You are using a browser we no longer support. Current functionality may be reduced and some features may not work properly. For a more optimal experience, please click here for a list of supported browsers.

A1C basics for diabetes management

GEHA | March 7, 2024

An A1C test is a common blood test used to measure a person’s average blood sugar levels over the past two to three months.

An A1C test is a common blood test used to measure a person’s average blood sugar levels over the past two to three months. A1C tests are usually done twice per year. Health care professionals use the test to screen for and diagnose Type 2 diabetes and prediabetes in their patients. A1C testing can also be used to monitor how well a person’s diabetes management plan is working.

How does an A1C test work?

If you’re planning on having an A1C test done, it can be completed in one of two ways, according to Cleveland Clinic:

  1. Most commonly, a blood sample is taken from your vein and sent to a lab to be analyzed
  2. A blood sample is taken via finger prick with results provided in minutes. However, this method is only used to help manage diabetes, not diagnose it.

The A1C test is in addition to — not instead of — regular blood sugar self-testing if you have diabetes. Blood sugar goes up and down throughout the day and night, which isn’t captured by your A1C.

Understanding A1C test results

Your A1C test will display the result as a percentage. A higher percentage indicates high blood sugar levels. According to the American Diabetes Association (ADA), A1C target levels can depend on an individual’s age, general health and other factors. However, the goal for most adults with diabetes is an A1C less than 7%.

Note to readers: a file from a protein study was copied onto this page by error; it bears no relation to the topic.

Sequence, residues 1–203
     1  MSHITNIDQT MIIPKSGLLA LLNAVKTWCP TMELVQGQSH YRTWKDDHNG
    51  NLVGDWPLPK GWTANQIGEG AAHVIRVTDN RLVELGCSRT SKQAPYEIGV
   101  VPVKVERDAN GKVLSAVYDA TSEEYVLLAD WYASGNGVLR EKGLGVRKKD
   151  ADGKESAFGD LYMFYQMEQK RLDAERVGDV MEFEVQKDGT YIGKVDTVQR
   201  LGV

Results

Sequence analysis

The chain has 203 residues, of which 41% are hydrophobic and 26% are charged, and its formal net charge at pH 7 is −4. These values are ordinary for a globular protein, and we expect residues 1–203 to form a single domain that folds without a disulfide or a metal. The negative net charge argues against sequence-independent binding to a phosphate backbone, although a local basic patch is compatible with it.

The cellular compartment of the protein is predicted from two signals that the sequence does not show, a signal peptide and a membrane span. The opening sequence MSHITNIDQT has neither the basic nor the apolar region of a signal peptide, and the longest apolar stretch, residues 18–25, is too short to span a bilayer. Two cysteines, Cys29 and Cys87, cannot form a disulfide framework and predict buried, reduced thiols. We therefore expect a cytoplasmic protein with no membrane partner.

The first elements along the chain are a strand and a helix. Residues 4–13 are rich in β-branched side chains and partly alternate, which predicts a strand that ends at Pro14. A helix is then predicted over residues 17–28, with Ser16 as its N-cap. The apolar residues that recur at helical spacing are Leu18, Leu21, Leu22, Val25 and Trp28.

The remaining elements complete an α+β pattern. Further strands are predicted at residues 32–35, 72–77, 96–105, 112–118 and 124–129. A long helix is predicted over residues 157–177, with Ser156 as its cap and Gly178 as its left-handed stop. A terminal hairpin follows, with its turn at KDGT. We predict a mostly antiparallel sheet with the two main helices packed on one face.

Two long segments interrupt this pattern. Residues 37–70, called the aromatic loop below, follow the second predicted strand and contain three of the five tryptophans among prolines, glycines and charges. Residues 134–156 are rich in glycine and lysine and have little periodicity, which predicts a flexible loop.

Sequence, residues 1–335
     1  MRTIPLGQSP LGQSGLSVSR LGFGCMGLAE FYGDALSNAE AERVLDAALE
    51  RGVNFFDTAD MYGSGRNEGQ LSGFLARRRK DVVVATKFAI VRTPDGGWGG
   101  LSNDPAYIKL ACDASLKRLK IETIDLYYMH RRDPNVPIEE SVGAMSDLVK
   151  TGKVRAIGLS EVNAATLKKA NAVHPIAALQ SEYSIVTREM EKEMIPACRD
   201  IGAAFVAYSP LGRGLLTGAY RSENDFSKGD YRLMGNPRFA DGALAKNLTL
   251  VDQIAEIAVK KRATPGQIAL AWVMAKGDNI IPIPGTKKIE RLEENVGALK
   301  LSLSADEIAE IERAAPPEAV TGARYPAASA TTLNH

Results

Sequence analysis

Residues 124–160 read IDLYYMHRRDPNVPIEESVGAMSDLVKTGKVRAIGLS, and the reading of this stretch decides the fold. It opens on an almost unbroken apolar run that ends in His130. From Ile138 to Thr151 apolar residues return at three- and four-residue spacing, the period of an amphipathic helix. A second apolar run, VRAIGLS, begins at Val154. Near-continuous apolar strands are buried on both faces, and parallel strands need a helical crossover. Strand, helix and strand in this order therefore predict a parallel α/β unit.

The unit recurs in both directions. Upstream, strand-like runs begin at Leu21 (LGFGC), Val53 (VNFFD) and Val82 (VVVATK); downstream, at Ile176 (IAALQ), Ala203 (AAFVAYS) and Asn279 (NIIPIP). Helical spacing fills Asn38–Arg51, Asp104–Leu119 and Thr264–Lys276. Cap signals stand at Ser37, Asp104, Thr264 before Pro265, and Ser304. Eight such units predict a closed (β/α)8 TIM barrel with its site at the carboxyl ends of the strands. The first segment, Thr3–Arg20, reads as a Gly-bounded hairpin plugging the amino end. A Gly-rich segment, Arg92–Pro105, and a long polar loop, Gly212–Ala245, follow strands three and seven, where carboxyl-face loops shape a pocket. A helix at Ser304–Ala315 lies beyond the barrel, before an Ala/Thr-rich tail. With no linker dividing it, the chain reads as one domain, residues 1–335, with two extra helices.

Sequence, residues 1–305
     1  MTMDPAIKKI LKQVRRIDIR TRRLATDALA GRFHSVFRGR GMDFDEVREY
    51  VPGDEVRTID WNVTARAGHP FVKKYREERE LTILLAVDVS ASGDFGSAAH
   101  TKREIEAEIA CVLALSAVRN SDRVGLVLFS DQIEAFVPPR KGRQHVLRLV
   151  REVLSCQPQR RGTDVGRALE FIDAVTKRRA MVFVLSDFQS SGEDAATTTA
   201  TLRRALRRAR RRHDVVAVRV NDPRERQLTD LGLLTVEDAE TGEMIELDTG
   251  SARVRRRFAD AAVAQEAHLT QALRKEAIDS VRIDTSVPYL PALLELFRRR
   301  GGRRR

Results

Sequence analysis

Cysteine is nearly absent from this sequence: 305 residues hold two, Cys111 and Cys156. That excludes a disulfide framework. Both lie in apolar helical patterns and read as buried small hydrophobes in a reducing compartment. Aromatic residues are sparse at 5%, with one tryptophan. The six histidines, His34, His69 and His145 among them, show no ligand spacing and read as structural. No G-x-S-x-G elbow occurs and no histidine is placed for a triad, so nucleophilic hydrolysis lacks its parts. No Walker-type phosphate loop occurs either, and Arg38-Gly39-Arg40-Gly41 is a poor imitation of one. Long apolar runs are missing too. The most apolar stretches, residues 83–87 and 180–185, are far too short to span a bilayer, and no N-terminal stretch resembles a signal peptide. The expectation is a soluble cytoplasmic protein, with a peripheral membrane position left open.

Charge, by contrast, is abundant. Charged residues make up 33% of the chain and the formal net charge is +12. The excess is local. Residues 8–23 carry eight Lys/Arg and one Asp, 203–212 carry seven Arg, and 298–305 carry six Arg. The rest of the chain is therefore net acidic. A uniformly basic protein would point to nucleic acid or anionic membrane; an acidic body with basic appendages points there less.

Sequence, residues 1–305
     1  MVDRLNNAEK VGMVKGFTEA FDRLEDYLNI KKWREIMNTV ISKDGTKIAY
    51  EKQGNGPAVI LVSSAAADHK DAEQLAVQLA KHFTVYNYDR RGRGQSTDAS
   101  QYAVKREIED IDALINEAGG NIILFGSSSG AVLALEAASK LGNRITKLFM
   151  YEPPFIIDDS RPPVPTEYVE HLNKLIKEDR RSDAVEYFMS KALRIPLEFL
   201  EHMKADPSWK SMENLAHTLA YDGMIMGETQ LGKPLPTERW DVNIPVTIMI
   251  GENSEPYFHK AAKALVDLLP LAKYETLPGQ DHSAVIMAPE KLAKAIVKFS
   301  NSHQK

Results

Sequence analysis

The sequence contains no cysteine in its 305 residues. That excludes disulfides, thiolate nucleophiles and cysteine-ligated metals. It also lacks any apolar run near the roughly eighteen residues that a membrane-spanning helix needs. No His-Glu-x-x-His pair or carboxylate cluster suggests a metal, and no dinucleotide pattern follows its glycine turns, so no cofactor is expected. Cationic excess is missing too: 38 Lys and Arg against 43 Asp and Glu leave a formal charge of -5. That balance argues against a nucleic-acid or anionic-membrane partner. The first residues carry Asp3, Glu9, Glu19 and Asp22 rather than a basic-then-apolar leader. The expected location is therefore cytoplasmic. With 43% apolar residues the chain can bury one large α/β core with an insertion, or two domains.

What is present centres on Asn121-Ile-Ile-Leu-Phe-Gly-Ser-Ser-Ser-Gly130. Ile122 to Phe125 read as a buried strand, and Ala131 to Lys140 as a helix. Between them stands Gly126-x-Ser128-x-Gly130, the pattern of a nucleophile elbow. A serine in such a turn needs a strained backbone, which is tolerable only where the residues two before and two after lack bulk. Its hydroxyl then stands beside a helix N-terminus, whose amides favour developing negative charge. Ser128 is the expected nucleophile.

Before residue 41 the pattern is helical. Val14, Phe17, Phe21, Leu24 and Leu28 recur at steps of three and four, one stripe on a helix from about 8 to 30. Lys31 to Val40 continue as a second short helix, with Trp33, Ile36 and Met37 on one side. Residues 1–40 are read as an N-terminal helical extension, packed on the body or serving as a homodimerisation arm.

The following are general guidelines for understanding A1C test results, as outlined by the ADA:

  • Less than 5.7% indicates normal blood sugar levels
  • About 5.7%–6.5% can potentially indicate prediabetes
  • 6.5% or higher indicates diabetes

If you have a diabetes diagnosis, a combination of diet, exercise and medication can help bring your levels down. It’s important that you work closely with your doctor to manage your blood sugar level long-term.

How can GEHA help?

If you haven’t established a primary care physician, you can search for an in-network physician near you by using GEHA’s Find Care tool.

Additional resources for managing diabetes are also available on our diabetes resources page. Or, check out our blog and read up on topics like lifestyle factors that impact diabetes and managing diabetes through food.

Have you attended a webinar?

Every month, GEHA hosts a free webinar designed to offer ways to live a healthier life. Check out our upcoming offerings on aging gracefully, mindfulness and financial well-being. You can view past webinars, too.

View 2024 webinars

“AIC.”, Cleveland Clinic, 22 November, 2022.
“AIC Looks Back.” American Diabetes Association.

The information contained herein is for informational and educational purposes only. This information is not a substitute for professional medical advice and if you have questions regarding a medical condition, regimen, or treatment you should always seek the advice of a qualified health care provider. Never disregard or delay seeking medical advice from a qualified medical professional because of information you have read herein.